China's real rise – in Wukan's village election

Chinese residents in the coast village of Wukan rebelled last year and won the right to a free election. The rest of China watches to see if they, too, can demand democracy.

David Gray/Reuters
Lin Zuluan, who led protests in the Chinese village of Wukan, is followed by the media Dec. 21. He was named the new head of the village on Jan, 15 by provincial leaders in a concession to the protesters.

China’s leaders claim their country is simply too big, too unique, and far too prone to chaos for them to allow democracy. Yet on Wednesday, a surprisingly free election takes place in Wukan, a coastal village of 15,000. It has caught the eye of many freedom-hungry Chinese.

The village election in Guangdong Province gives some hope that the world’s most populous nation might yet defy the Communist Party’s stereotype of the Chinese as unprepared to self-govern. This could be a Tunisian moment for the Middle Kingdom.

Wukan is just one of thousands of places in China where residents have recently rebelled against local injustices – the corruption, violence, and land grabs of party officials and their business cronies. Most revolts are either suppressed or quietly resolved. Few of them end up making a link between China’s rising injustices and its lack of democracy and independent judiciary.

But not in Wukan. Residents there took over the village for 10 days late last year because of official graft and the killing of a local man by police. They expelled party leaders and security forces from the village.

Instead of suppressing the protest, however, the province’s reform-minded party leader, Wang Yang, made a surprising concession. He allowed the chief rebel, Lin Zuluan, to assume power and arrange a popular vote. Wednesday’s election sets up a committee to supervise an election of village representatives. Volunteers have been going door-to-door to solicit votes.

“The public’s awareness of democracy, equality, and rights is constantly strengthening, and their corresponding demands are growing,” said deputy provincial party secretary Zhu Mingguo. He and his boss say they expect Wukan to be a template for elections throughout the province.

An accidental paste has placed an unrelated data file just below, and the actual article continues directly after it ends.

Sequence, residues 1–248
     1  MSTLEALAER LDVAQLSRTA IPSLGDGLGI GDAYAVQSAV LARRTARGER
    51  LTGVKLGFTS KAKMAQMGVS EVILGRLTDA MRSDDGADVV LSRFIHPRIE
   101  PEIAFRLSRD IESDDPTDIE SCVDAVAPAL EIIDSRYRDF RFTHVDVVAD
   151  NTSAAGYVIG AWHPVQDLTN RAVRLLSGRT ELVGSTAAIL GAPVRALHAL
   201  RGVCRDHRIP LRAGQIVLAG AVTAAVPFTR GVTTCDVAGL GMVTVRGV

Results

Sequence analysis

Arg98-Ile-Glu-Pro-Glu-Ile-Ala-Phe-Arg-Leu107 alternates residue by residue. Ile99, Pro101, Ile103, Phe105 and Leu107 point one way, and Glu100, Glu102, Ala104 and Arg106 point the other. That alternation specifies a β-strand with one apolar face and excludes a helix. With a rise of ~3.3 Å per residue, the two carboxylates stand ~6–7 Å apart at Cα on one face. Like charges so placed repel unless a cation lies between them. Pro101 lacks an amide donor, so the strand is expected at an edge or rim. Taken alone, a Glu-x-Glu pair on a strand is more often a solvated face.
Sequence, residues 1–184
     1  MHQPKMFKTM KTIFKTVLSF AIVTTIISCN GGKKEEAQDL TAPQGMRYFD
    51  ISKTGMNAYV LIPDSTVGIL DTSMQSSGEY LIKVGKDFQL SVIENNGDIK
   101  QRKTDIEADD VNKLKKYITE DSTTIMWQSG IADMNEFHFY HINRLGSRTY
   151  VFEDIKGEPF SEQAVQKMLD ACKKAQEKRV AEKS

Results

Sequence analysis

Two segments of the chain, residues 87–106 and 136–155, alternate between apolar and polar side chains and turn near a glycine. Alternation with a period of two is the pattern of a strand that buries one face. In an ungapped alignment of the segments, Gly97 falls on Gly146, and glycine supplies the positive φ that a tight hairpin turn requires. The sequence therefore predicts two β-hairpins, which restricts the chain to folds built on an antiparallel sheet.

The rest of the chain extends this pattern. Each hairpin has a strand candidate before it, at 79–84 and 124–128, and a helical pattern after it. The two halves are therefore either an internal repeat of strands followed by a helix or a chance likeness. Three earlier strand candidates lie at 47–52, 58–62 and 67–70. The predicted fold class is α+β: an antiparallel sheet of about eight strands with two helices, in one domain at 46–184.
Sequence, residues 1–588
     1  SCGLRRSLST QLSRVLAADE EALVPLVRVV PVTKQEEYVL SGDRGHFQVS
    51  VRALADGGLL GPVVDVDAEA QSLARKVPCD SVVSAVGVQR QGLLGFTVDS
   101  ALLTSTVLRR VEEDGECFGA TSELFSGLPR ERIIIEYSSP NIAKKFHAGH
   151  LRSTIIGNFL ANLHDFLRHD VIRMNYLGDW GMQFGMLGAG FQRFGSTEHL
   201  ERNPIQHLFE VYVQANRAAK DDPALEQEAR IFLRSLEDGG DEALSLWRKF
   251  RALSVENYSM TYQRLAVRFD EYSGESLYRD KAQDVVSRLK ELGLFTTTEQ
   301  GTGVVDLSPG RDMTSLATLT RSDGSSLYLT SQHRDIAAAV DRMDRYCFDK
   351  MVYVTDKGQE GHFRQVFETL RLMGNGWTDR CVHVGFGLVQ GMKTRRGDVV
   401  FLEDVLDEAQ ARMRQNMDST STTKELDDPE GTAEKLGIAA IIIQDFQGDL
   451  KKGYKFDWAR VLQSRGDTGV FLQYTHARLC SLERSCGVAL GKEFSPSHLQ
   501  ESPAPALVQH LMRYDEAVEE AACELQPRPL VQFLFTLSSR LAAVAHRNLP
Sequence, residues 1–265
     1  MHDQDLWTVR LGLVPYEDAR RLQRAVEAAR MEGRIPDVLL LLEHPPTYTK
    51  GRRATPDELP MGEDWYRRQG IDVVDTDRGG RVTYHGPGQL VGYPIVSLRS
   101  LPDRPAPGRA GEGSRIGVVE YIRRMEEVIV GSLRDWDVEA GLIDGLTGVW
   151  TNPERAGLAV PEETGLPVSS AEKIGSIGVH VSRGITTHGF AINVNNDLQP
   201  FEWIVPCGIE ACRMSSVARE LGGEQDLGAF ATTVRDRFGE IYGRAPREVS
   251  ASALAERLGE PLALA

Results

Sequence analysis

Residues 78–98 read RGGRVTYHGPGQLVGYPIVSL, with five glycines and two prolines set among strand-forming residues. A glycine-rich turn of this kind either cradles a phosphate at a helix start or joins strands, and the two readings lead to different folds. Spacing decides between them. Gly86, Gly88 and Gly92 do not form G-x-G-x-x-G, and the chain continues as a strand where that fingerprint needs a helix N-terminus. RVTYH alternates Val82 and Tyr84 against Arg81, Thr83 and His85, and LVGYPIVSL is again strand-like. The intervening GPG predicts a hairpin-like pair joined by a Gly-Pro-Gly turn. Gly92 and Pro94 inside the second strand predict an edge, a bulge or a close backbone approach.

Elections are a device to hold rulers accountable, an idea now common throughout the world. And yet still feared by a Communist Party in Beijing that assumes its legitimacy derives simply from its support of rapid economic growth.

Wukan’s moment of freedom may end up being suppressed or co-opted. One election does not make an Arab Spring. But without democracy, injustices in China can only grow as people find little to check official abuse. It’s worth recalling that more than half the American Declaration of Independence was simply a list of grievances against the crown.

Many Chinese watched last month’s elections in Taiwan with eager fascination. Some top Chinese businessmen visited the island to witness democracy in action. A party newspaper, Global Times, admitted that many mainland Chinese asked: “Why can’t the same style of elections be held here?”

Wukan’s newfound freedom has inspired other villages to wonder if they can be next. With the help of the Internet, a rice-roots movement could easily spread as more Chinese throw off the self-limiting notion that they are not ready for the rough-and-tumble of open politics, as in Taiwan. That island nation has disproved the theory that a hierarchy-minded Confucian society can’t be democratic.

China’s next party leader, Xi Jinping, visits the White House on Feb. 14, Valentine’s Day. Will he have the heart to acknowledge that Wukan represents a victory for China? And if not, will Mr. Xi be the last unelected leader of China?

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